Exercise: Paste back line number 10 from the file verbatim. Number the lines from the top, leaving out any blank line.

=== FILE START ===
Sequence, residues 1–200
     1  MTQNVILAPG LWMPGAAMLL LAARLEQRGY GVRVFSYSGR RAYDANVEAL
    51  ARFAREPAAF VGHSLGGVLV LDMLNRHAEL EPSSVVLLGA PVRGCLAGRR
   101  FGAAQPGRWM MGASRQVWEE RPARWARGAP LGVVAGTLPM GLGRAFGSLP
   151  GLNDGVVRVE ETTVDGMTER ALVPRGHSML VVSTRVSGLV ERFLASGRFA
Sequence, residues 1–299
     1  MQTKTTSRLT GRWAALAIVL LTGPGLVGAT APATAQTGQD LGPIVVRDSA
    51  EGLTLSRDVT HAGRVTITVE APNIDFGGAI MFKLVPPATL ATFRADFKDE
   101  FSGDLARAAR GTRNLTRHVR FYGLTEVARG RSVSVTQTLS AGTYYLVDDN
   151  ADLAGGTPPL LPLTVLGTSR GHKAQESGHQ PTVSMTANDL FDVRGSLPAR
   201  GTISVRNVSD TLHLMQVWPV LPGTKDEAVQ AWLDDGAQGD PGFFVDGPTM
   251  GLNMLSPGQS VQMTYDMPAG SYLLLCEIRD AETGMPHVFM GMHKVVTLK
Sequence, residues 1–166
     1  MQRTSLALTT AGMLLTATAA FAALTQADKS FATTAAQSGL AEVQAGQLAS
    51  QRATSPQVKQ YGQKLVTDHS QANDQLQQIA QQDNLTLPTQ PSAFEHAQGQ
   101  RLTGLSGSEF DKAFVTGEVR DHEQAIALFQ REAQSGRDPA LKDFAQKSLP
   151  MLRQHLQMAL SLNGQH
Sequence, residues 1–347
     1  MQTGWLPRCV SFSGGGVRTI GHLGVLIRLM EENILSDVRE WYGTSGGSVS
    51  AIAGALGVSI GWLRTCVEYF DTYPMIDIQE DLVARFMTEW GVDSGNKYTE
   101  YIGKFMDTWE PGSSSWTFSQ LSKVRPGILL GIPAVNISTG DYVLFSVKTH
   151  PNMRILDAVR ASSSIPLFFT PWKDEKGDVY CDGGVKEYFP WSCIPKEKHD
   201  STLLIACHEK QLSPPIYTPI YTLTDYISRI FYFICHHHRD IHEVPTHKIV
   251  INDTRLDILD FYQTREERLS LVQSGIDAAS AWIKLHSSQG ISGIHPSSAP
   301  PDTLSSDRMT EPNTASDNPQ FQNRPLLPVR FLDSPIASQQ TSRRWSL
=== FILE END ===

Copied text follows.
   151  ADLAGGTPPL LPLTVLGTSR GHKAQESGHQ PTVSMTANDL FDVRGSLPAR